The South African Revenue Services (SARS) have implemented draconian laws in an attempt to recover taxes from companies and individuals. The law gives SARS the right to take money from a bank account without permission from the account holder. It is a harsh code of laws that can have detrimental effects on people who already struggle to cope with the high cost of living.
South Africa has a population of approximately 53 million people, and it is estimated that 11 million people file tax returns annually. A staggering four million of the registered taxpayers are exempt from tax due to the tax threshold, leaving the burden of tax payable on nearly six million people. Of course, the collection tactics are severe considering the low number of taxable people in South Africa.
In South Africa, informal traders, such as street hawkers and taxi drivers evade the tax system. Although evasion is not limited to the informal sector, a moderate number of high-income earners and business owners have options to bypass the taxation. Small business owners claim that business and individual tax are one of a kind does span across both formal and informal taxpayers.
Jacob Zuma, the president of South Africa has mentioned that taxes will increase, and there are indications that high-income earners will bear the highest tax burden. The informal sector growth will continue to find a way of avoiding the rule of tax by neither breaking the law, but rather will use an intelligent attempt to circumvent the tax plan. The strict labor laws and lowering of personal taxes can close the widening gap between the formal and informal taxpayers.
The power of certain SARS officials allows for searches without warrants, collecting information from banks, estate agents, medical funds and lawyers. SARS can exercise an aggressive approach in dealing with tax avoidance or tax evasion. The amount of information SARS can demand are staggering since the new regulations have been passed. The dynamic approach used by SARS is to tighten the net of non taxpayers and tax evasion in South Africa.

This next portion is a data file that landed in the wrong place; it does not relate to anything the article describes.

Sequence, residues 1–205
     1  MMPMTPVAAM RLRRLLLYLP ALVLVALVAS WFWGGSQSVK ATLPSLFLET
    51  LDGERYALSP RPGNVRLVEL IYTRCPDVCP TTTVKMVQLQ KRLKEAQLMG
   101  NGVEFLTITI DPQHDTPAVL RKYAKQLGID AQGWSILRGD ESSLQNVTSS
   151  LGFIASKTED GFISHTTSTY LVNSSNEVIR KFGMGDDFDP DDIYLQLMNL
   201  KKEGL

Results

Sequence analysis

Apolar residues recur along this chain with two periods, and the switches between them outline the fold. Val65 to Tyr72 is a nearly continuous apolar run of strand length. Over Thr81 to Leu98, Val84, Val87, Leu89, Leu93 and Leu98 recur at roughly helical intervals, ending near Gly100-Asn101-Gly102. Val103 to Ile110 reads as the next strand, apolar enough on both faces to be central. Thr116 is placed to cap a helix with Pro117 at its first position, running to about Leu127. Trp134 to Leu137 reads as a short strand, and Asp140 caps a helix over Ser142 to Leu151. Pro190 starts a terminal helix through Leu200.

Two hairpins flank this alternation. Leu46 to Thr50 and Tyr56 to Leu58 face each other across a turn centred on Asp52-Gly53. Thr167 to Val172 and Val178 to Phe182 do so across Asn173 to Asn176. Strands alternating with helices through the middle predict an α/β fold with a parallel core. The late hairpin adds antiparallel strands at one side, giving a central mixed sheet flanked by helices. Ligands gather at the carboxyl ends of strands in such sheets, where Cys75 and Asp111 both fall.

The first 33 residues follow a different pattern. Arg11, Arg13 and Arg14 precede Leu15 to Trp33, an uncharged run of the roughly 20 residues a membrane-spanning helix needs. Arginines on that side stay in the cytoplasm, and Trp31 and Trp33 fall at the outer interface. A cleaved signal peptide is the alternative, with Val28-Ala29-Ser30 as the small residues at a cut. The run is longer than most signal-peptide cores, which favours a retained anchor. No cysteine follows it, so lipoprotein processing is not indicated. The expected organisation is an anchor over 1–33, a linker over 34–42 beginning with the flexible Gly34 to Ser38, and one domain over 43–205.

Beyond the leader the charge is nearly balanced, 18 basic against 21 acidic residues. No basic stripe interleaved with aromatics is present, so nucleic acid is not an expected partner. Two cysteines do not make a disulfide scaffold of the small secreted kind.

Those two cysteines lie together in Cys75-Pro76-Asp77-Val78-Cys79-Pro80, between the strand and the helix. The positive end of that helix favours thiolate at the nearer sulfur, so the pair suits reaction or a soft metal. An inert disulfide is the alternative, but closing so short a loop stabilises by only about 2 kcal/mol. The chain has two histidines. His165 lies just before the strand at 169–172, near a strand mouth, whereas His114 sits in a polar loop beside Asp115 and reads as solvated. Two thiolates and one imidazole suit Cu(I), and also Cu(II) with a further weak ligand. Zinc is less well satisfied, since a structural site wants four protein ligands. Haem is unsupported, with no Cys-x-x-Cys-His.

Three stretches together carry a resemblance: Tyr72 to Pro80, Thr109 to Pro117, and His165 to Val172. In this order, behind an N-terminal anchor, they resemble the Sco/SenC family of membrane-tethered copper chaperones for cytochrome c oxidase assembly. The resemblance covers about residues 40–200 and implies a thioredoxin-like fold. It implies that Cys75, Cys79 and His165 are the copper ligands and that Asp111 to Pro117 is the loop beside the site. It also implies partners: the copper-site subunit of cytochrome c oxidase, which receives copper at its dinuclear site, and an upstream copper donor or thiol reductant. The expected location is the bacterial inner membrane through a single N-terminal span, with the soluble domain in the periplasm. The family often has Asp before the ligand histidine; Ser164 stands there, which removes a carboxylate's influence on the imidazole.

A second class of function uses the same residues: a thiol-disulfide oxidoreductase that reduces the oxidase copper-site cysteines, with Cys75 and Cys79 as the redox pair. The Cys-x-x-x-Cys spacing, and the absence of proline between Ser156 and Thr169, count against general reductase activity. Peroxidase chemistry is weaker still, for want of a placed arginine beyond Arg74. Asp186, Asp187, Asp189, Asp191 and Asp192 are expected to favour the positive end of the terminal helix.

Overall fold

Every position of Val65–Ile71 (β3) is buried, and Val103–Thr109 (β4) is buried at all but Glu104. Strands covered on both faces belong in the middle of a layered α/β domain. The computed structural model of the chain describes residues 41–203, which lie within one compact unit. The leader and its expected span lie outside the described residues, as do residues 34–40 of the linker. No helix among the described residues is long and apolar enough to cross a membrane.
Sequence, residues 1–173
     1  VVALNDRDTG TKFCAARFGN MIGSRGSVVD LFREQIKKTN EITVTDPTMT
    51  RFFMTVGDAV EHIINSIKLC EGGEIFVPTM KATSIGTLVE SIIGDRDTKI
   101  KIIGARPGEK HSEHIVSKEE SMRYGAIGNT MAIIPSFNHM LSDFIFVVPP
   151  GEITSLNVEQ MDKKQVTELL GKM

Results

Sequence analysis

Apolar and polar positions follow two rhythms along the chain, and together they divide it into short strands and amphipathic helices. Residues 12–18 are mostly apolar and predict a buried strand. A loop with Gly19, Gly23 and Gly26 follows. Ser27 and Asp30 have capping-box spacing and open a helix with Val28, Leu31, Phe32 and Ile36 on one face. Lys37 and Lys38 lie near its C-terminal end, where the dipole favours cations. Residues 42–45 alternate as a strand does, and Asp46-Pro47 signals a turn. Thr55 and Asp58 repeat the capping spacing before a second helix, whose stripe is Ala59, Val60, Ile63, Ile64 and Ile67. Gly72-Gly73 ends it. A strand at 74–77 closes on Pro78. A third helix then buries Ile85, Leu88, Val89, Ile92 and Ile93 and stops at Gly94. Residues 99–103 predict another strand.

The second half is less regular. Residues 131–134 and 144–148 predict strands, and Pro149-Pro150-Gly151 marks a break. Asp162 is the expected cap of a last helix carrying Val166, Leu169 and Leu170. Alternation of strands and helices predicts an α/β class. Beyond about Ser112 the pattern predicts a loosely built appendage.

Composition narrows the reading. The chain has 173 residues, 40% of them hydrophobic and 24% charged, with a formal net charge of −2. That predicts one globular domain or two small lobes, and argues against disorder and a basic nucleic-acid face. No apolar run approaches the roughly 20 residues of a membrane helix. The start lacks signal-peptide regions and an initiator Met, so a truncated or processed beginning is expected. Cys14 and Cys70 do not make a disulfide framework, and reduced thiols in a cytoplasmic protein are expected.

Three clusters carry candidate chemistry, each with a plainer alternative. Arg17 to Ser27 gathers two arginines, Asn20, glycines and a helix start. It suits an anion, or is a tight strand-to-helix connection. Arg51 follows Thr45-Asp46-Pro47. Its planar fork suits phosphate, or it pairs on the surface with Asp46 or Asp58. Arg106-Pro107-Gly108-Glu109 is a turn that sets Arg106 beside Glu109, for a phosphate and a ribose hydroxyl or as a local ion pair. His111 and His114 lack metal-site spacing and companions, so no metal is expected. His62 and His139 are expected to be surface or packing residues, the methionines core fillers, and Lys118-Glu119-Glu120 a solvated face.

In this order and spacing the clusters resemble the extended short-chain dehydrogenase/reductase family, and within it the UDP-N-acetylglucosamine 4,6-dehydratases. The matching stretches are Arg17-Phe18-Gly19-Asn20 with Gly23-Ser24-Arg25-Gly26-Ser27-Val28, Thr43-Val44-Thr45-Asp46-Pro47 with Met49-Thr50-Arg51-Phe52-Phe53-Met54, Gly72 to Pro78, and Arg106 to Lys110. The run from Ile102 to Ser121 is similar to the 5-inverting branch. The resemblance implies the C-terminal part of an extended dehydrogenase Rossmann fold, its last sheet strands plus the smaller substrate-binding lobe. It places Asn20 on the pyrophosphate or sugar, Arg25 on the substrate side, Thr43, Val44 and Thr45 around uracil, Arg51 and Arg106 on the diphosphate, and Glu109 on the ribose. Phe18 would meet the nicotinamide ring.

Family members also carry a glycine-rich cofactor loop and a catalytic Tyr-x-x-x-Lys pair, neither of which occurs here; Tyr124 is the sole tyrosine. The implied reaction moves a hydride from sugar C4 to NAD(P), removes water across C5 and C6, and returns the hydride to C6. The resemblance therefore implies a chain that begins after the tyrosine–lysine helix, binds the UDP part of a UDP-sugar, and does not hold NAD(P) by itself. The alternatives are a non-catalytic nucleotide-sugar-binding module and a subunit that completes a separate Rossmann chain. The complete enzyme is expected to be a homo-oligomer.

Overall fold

The balance between the powerful actions of SARS officials and the taxpayers’ rights to constitutional protection and just administrative action is not clearly defined. It is the aggressive measures of ensuring tax debts are settled in a reasonable period that allows SARS to roar even louder and more viciously.
The New Tax Ombudsman introduced recently to settle disputes that may arise does not have an aggressive approach used by SARS. Although the news is welcoming for individuals and companies to refer a dispute, ultimately it is SARS that will win the argument. The ombudsman will demand respect from both SARS and individuals when dealing with referral cases. How much respect will be given by SARS is ultimately difficult to guess based on the antagonistic structure maintained by that department. The favorable news for ordinary taxpayers who have legitimate grievances with SARS is that the Ombudsman will offer help to take on the mighty SARS.
The new draconian tax collection laws of SARS show the true colors of greed. Hard working taxpayers have difficulties maneuvering through time consuming tax codes and procedures in an attempt to pay taxes honestly and receive no encouragement for integrity. The trust between taxpayers and SARS gradually diminish, with the unconstitutional laws and systems. The invasion of privacy remains a constant concern and can result in people having to deal with the SARS officials.
The culture of distrust, pillage, spying liken SARS to the ranks of criminals when all the time citizens considered this department to be the most legitimate part of the government. Criminals do not pay tax and neither does drug lords. Is this another reason for tax evasion?
The current rumors are circulating that the African National Congress (ANC) ruling party of South Africa is bankrupt remain a cause for concern. Although the ANC deny such reports, the current aggressive approach by SARS to collect taxes raise a worry of whether such statements are indeed accurate. The draconian laws implement to ensure tax compliance are astounding, not so much for service delivery.
Opinion by Laura Oneale